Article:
Doctor Who - Series 9, Episode 6


Or: How Reece Morris-Jones has to defend himself because he liked an episode the internet hated with The Woman Who Lived...

You know how I've treated the past two episodes? As somewhat silly episodes trying to couch crunchy complex ideas inside a gooey outer layer of comedy. Someone has been trying to stuff nuts in my marshmallows again!

I think it's the massive tonal shifts that have thrown everyone about this episode, which follows of from last week's The Girl Who Died. The Doctor comes across Ashildr hundreds of years years later in the 17th century, who now has forgotten her past names and simply refers to herself as 'Me'. As the Doctor tries to track down an alien artefact with Ashildr's help, other plans are in motion and it seems his temporary companion may not be all she seems...

First up, those tonal shifts. Maisie Williams sells the hell out of the scenes given to her that let her stretch her dramatic range, though she does look a little silly trying to pose as a lady and highwayman when all of the other actors in the show are at least half a foot taller. It's those scenes, which cover what it's like to be an immortal only able to travel through time in a linear path, that are the most compelling. Williams gets the characterisation just right, so we empathise with her situation, even as we see her commit horrible acts, and her scenes with the Doctor are by far the highlight of the episode.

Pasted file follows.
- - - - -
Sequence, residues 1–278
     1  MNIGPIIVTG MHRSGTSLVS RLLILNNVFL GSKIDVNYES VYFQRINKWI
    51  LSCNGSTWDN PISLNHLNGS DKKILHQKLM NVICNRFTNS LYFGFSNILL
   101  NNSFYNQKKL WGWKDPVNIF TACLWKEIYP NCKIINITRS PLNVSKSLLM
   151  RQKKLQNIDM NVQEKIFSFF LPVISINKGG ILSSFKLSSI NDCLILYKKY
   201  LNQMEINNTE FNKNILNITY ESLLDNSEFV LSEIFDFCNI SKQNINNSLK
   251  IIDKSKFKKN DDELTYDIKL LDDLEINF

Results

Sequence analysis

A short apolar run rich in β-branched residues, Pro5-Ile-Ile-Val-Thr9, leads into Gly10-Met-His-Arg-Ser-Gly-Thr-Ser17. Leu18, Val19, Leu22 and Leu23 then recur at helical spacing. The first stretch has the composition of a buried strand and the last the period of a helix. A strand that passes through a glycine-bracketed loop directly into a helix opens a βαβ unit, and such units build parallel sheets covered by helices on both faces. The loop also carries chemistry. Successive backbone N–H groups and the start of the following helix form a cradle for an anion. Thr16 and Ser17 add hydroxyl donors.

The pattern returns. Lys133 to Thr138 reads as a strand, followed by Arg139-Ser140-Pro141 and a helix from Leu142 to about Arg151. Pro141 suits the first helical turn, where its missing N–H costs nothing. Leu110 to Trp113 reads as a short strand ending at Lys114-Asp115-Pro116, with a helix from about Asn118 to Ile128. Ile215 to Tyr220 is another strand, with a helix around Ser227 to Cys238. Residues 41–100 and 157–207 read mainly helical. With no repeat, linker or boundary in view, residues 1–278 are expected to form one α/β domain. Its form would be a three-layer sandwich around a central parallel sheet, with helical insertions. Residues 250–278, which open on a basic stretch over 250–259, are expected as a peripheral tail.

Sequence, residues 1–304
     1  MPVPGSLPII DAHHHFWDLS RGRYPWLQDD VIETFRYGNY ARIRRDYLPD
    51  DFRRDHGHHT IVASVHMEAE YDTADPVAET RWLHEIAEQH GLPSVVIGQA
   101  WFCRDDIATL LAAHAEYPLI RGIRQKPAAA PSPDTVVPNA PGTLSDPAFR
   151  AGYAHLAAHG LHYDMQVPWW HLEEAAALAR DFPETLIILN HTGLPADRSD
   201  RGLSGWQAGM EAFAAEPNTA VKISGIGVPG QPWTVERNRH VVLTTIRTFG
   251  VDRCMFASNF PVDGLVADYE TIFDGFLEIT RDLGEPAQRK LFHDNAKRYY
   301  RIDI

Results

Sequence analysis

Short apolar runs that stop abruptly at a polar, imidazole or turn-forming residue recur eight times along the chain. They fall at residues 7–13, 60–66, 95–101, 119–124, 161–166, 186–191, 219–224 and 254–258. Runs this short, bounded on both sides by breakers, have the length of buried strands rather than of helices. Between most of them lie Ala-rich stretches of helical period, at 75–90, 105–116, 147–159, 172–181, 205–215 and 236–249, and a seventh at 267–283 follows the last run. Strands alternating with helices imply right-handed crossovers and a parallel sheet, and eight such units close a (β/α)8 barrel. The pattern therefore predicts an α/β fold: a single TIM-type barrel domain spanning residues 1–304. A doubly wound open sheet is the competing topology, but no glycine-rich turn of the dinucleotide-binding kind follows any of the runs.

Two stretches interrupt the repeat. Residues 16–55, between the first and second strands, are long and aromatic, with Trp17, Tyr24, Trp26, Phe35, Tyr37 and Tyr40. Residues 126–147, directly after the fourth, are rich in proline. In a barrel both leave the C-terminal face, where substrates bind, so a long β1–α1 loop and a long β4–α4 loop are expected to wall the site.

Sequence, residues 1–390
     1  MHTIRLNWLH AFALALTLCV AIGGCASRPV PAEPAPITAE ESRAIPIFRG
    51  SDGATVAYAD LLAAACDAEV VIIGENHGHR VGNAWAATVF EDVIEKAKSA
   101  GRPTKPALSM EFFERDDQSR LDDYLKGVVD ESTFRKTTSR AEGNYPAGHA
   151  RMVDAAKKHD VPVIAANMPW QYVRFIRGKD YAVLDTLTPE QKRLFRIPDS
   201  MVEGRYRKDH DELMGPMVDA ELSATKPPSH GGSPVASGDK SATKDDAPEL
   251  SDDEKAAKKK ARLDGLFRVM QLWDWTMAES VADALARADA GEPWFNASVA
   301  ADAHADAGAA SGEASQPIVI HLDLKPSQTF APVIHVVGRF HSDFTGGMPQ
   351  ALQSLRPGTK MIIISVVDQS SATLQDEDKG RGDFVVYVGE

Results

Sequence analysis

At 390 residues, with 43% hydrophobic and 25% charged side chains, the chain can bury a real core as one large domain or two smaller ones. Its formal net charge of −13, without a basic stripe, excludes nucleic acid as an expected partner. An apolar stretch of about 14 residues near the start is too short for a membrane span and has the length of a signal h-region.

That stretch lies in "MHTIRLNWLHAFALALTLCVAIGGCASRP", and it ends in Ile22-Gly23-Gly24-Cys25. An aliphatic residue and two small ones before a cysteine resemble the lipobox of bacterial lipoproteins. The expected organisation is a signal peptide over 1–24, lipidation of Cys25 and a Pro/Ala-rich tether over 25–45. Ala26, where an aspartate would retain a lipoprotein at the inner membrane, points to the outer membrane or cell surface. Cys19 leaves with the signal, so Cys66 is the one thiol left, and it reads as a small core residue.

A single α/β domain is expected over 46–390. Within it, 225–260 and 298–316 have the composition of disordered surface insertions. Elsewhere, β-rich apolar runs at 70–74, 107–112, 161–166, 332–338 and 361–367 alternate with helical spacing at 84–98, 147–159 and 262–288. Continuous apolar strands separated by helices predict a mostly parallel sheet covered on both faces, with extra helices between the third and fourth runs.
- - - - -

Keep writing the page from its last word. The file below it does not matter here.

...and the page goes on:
The episode does add some levity to what would be otherwise an very morose 45 mins by adding in some scenes with Rufus Hound playing Sam the Swift that are broad comedy. They don't quite work, especially when you add a sudden world ending threat that gets wrapped up in about 30 seconds, but Rufus Hound is funny and his scenes are actually quite funny as he spars with the Doctor to save himself from the his death.

What doesn't work is how flimsy the plotting is – it may as well not exists. To be honest, I could have done without the flame breathing Lion-man with his plot to take over the world...somehow? Had more time be spent instead on covering the key themes of the issue it probably would have been a better use of the episode's running time.

Overall as a throwaway episode it was light and forgettable. Not the greatest, not the worst and at least we have the promise of more Maisie Williams.

Image - BBC